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Ready to start applying for business loans? Are you sure? Before you delve into the application process, consider your situation carefully. There’s no doubt that an entrepreneurial spirit and a great business idea make a killer combo but that’s not all you need to qualify for most business loans. Assessing where you’re at and whether you’re ready to start procuring capital will help ensure that you start strong and on sure-footing.

Here are some tell-tale signs that applying for business loan is bad idea right off the bat. Because we’re all about being proactive, we’re including tips on how to address the factors which may be impacting you today, so that you can set yourself up for success in the coming months and years.

What Type of Venture Are We Talking?

What’s the nature of the company or product you’re looking to fund? If the venture you’re embarking on is high risk, you might consider pitching directly to investors, giving them equity in the company. That way if the venture fails, you are not indebted to anyone. Prior to being able to pitch to angel investors or venture capitalists, here are tips on what you need to do.

Your Personal Credit Score Sucks

Prior to applying for any loan, make sure your credit is up to snuff. You can check your credit completely free of charge and obtain a detailed credit report once a year. It will include reports from each of the major credit reporting agencies in the United States (Equifax, Experian, and TransUnion). As a rule of thumb, anything below 630 is considered a poor credit score.

Individuals with low credit scores can have a significantly harder time procuring business loans (find lenders) and locking down better interest rates and terms. So, it may be worth the effort of cleaning up one’s credit prior to seeking external funding.

If this is where you’re at, don’t fret. Focus on building up your credit and really fine-tune your business idea. Who knows, maybe that extra time will open up even more opportunities for you in the long run.

If you have a low personal credit score, or one that does not seems as high as it should be based on your credit history, make sure to go over your credit history in detail. Contest any and all credit reporting errors in writing, as advised by the FTC.

A recent study by the Federal Trade Commission found that as many as “one in five consumers had an error that was subsequently corrected by a credit reporting agency after it was disputed. (source: Marketwatch).” Hence, errors in reporting are common. It is well worth your time and energy to fish for these errors and report them so that they can be removed from your personal credit history.

Your Business Credit Score Sucks

Unlike personal credit scores which generally range from 300-850, your business credit score will range from 0-100, with 100 being the highest possible rating. Businesses that carry large balances of debt in relation to their available credit limits (called the “balance-to-limit ratio”) may see this have a negative impact on their credit rating. So, even if you have an available credit line of $100,000 it may be smart to use only a fraction of that available credit. Your payment history with vendors, number of times your business credit score has been pulled, and even your business structure (as a corporation, sole proprietorship, etc.) are factors which can contribute to your business credit score. Tips on how to improve your score can be found in this SBA article by business credit expert Mark Carbajo.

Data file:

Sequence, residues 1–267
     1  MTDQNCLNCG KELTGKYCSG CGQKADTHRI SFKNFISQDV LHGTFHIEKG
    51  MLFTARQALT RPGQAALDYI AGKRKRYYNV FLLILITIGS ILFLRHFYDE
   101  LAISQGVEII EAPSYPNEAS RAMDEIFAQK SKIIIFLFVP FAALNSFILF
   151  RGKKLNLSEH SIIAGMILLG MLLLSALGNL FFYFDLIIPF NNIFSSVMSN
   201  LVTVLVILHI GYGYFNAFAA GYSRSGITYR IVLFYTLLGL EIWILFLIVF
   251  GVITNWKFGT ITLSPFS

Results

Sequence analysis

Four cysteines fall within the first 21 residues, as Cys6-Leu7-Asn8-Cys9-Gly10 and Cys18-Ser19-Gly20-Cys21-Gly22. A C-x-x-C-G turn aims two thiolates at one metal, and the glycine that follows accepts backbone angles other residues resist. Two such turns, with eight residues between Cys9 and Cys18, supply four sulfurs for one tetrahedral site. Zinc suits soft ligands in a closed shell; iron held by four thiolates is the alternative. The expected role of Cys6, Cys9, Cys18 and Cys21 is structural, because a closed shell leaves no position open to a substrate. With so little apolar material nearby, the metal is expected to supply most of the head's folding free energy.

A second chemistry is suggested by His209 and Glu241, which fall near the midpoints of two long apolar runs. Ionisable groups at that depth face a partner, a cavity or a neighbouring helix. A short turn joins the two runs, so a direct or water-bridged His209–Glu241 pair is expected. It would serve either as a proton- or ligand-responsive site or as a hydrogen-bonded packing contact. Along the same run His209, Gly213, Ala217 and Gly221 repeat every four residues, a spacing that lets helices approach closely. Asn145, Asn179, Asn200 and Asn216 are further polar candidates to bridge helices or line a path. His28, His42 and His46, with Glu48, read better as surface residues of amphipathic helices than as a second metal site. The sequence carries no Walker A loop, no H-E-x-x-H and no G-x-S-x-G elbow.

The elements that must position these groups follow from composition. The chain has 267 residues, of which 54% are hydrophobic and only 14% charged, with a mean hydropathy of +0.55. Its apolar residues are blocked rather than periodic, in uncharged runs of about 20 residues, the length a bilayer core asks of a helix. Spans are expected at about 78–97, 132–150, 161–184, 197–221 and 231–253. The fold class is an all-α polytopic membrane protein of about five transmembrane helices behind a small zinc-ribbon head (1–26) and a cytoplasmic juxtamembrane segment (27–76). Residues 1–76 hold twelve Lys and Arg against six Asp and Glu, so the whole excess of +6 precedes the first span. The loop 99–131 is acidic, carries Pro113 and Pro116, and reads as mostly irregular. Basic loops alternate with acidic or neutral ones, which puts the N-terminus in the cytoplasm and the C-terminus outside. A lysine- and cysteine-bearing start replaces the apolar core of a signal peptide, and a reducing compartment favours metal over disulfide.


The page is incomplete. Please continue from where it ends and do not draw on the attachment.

Innovative Start-ups Can Have a Tougher Time Securing Business Loans

Are you trying to create something new and innovative that really pushes the boundaries? Do you need a whopping amount of cash for those newest technologies that will enable you to be the best start up company the world has ever seen?! Okay, so maybe that sounds a little far-fetched, but it seems to be the MO for a lot of budding entrepreneur types.

Not to squelch your fiery enthusiasm, but those super-specialized, never-been-done-before businesses are oftentimes not particularly enticing to most lenders. With little track record and few to no similar businesses to look at for viability and market projections, investors have little data to go on which is what they need to make an educated decision. If, however, your credit score is good and you feel comfortable putting up your personal assets as collateral, you may feel you’re ready to proceed with applying for a loan. This brings us to our next point…

Consider the Potential Collateral Damage

Business loans are definitely a bad idea if, after careful consideration, you decide you have too much to lose.

Business loan administrators will typically have you collateralize the loan against any and all of the business assets that you own. So, if you’re putting up collateral in order to secure a loan, ask yourself if it’s really worth putting everything on the line. This is doubly true if your venture is high risk.

Having the energy, drive and determination it takes to start your own business is a noble feat indeed. Doing your research and reading articles like this one is smart. But being able to take a sober assessment of where your business is at and determine whether it’s smart to apply for a loan today, a year from now, or not at all is pure wisdom.

For more information on applying for a business loan, click here.

 

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